Change can take a toll on a body and spirit. Without a doubt, the coronavirus pandemic has delivered more changes to our lives in a couple of months than most of us experience in a few years. School has changed for the kids, work has changed for the adults, and daily routines and interactions have changed for everyone.
And that's not even counting the uncertainty and anxieties about the COVID-19 coronavirus, a virus that is fatal to some, including people close to us.
Is it any surprise, then, that many of us are exhausted?
"Coping with COVID-19 during the past several weeks has forced all of us to make several major changes, any one of which would be enough to cause added stress to our lives," said Franciscan Health psychologist Summer Ibarra, PhD, ABPP-RP, HSPP. "Stress, in any form, can take not only an emotional but also physical toll on our bodies."
To make matters worse, today's stresses aren't going away quickly, so the stresses remain. Our body's response to stress, that classic "fight or flight" state of mind, is sustained much longer than is healthy.
"Adding to all of this is some level of grieving," said Ibarra. "Some of us have already lost loved ones to the coronavirus, but we have all lost routines, contact with community, a sense of normalcy. Fatigue is an expected effect of both sustained stress and can also accompany grief."
When life throws something unexpected our way, the first step in managing it is to acknowledge it - not hard to do today. But the next steps that move us away from feeling helpless about our situation don't have to feel daunting.
"You probably have your own personal practices to already reduce the stress and fatigue you’re experiencing," said Ibarra. "This is a time to be much more mindful and purposeful in our mental self-care."
Ideas For Managing Stress And Fatigue
- Establish new routines. For instance, shower and dress every morning even if you don't plan to leave the house.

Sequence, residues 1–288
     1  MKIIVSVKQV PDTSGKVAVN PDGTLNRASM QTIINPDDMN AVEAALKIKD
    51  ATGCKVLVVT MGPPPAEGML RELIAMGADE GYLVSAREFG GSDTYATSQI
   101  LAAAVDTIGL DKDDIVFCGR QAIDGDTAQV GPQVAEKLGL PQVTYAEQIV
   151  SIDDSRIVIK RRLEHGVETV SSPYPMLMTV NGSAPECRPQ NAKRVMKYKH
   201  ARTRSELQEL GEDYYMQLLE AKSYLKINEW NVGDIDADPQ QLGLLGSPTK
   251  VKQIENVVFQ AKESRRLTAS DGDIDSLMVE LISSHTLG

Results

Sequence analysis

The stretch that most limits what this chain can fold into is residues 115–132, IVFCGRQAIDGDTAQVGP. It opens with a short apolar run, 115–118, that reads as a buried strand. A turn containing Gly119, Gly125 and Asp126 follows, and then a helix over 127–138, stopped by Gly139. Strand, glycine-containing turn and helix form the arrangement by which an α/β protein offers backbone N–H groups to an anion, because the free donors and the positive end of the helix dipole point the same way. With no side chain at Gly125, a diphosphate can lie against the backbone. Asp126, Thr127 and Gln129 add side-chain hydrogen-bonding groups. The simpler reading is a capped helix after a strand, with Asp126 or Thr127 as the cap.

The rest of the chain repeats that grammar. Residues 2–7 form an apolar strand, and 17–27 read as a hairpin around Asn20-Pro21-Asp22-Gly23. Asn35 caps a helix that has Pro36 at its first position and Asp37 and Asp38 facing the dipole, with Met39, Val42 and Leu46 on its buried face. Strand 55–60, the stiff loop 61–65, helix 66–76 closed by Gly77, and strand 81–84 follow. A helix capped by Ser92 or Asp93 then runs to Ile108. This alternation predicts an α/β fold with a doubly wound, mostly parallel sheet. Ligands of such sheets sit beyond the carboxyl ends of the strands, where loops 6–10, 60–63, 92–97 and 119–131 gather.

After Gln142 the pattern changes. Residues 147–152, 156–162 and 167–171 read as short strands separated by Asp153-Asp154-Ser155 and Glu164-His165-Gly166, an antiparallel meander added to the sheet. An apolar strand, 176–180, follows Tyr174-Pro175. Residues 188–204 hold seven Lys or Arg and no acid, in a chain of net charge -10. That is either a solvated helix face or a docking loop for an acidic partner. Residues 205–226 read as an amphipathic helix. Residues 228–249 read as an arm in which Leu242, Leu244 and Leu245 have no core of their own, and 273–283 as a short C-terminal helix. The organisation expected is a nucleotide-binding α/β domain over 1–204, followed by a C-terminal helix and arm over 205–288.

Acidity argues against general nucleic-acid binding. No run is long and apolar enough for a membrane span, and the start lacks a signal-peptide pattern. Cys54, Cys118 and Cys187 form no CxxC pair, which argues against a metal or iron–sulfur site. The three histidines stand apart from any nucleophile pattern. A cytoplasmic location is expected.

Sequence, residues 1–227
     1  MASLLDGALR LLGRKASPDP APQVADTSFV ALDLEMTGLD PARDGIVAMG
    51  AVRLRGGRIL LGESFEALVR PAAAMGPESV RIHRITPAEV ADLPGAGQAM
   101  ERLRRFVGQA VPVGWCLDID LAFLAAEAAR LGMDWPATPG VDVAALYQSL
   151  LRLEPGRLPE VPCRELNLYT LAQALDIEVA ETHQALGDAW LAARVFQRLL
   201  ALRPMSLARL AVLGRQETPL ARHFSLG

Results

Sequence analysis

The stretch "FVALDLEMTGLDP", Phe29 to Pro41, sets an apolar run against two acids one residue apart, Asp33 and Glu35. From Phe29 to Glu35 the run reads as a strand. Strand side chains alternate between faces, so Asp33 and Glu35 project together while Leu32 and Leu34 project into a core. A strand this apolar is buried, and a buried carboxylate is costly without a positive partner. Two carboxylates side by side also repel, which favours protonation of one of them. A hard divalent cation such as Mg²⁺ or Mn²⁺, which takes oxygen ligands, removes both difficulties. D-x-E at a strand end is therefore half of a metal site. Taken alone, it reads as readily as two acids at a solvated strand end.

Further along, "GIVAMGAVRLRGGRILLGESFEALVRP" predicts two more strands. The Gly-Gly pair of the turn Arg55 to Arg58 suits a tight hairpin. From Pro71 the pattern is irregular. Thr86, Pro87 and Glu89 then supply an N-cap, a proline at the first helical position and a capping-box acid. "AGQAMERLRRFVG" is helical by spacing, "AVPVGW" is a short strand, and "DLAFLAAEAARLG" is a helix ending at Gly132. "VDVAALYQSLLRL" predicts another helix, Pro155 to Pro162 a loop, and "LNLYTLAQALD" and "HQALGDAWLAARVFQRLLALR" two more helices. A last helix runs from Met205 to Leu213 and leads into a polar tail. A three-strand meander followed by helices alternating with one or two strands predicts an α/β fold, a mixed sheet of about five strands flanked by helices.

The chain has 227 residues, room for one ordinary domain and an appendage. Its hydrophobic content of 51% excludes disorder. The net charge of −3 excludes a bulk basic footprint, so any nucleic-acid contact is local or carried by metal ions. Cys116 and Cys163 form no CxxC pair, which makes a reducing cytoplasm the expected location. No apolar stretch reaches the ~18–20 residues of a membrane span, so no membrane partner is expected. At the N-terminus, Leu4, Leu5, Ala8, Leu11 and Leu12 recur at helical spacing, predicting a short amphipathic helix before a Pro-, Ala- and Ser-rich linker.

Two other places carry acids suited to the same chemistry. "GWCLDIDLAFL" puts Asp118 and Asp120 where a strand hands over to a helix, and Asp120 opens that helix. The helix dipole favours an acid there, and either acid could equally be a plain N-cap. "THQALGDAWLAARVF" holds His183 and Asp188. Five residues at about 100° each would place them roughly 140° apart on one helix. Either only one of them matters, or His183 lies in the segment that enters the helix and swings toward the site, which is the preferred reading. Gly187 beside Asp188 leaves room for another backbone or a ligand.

- Spend time outdoors. Natural daylight can help reset your body's natural sleep patterns. Outdoor activities also can reduce stress and help you regain focus for the rest of the day's tasks.
- Maintain contact with friends and loved ones. Use technology to keep in touch. There's never been a better time for FaceTime.
- Keep regular mealtimes.
- Avoid overusing alcohol or other substances to cope. They may provide short-term relief but may undermine your efforts in managing stress and your sleep.
- Limit your exposure to news coverage and social media. Choose one or two reliable sources of news and limit your time spent reading or watching.
- Manage your personal and professional expectations. If you don't discover a new hobby, write that novel or create a new strategy for the company, that's fine. Dealing with a pandemic is enough of an accomplishment.
- Work on your sleep routine. Set a time for bed, and schedule time before to prepare and wind down. Get more tips for a good night's sleep.
For more information on managing your mental health during the coronavirus pandemic, visit BeWellIndiana.com or http://www.dhs.state.il.us/page.aspx?item=29735, for resources and support. For personal help in creating coping strategies or managing other mental health issues, contact Franciscan Health Behavioral Health Services.
By Jennifer Hawke